Out of the 153 features that will be presented in the following days of the 24th Warsaw Film Festival, there will be one film from a country not normally represented: Slovakia.
The Warsaw festival audiences will get their chance to see Juraj Nvota's Music (screening October 17 and 18) which is featured in the competition for first and second feature films.
What is so exceptional about this film from Poland's neighbour to the south? Just the fact that it was made and then accepted for an international competition is exception enough.
For the past 15 years Slovakia has had problems releasing films. The number of premiered features has varied through the years, with between 1-3 films produced annually (excluding minor co-productions) with high ambitions and low budgets. The result was a negative impact on the overall quality. Due to low state financial support and a small local market (a population of just over 5 million), the film industry was under-funded.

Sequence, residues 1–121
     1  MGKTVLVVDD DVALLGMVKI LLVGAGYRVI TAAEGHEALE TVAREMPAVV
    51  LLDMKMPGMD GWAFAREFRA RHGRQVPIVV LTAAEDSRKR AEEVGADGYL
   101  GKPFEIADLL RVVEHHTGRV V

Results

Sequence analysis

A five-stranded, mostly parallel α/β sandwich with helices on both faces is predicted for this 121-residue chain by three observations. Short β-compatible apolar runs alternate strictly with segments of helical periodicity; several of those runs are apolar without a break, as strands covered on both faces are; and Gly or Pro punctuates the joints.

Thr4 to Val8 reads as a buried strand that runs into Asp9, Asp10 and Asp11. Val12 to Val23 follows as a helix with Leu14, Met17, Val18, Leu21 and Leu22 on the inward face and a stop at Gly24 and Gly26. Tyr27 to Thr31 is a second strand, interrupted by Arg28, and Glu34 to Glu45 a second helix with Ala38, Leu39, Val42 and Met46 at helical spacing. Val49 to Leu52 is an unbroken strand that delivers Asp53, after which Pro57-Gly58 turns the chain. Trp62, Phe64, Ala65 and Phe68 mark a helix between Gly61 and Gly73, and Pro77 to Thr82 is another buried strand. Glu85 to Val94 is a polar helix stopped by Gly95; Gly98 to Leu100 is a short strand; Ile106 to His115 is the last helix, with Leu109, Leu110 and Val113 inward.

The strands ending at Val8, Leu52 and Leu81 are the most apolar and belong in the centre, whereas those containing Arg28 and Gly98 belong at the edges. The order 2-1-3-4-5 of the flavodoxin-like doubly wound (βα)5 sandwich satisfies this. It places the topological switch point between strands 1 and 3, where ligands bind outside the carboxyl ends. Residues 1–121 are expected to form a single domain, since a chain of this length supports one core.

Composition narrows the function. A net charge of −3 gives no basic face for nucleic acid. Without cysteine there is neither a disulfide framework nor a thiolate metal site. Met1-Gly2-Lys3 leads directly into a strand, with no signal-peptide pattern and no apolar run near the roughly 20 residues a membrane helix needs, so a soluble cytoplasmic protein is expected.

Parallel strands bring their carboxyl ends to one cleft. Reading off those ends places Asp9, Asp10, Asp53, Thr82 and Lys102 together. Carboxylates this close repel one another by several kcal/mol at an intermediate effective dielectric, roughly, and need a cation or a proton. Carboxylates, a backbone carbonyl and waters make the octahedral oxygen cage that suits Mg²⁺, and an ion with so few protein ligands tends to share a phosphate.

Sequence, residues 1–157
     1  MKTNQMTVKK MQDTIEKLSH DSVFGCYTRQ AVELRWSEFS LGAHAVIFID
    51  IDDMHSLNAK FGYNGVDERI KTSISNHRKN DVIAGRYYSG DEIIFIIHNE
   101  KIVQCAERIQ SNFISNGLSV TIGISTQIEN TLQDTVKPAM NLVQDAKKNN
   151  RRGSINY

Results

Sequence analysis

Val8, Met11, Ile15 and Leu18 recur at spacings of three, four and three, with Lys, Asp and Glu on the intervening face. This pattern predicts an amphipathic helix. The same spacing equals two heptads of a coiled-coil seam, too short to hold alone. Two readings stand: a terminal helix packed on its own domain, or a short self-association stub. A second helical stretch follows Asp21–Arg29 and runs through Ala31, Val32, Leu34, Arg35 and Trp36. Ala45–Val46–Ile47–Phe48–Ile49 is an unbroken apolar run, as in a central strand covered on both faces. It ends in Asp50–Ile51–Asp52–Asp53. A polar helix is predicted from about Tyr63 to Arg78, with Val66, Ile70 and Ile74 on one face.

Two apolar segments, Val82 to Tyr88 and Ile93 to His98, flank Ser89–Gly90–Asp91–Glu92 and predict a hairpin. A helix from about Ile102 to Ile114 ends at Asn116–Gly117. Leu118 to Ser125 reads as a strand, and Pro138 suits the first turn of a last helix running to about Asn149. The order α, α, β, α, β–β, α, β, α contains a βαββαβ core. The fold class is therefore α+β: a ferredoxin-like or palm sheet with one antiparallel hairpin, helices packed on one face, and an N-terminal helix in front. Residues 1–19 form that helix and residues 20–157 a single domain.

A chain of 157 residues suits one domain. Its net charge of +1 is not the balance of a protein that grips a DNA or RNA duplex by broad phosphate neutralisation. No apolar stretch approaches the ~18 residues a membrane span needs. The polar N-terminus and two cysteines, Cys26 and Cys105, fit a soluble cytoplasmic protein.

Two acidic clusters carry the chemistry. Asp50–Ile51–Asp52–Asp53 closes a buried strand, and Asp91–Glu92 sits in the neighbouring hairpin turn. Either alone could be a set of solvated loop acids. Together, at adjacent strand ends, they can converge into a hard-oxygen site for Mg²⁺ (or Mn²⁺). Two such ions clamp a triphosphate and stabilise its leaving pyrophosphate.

But recently Slovak cinema has seen a growth of fiction and non-fiction film premieres which are beginning to have success at international festivals. For the most part, young documentary filmmakers have been most successful in winning critical and public acclaim abroad. Marko Skop's Other Worlds won a Special Mention and the Audience Award at Karlovy Vary 2006, and Juraj Lehotsky's Blind Loves won the CICAE Award for Art Cinema at Cannes this year. This would have been almost impossible in the late 1990's.
The key to success appears to be linked to increased state support for films in the last two years. Fourteen premieres were planned for 2008. Next year will show if the growth in numbers produces improvement of quality. Audience and critical response to Nvota's Music at the Warsaw festival might provide a hint of what to expect.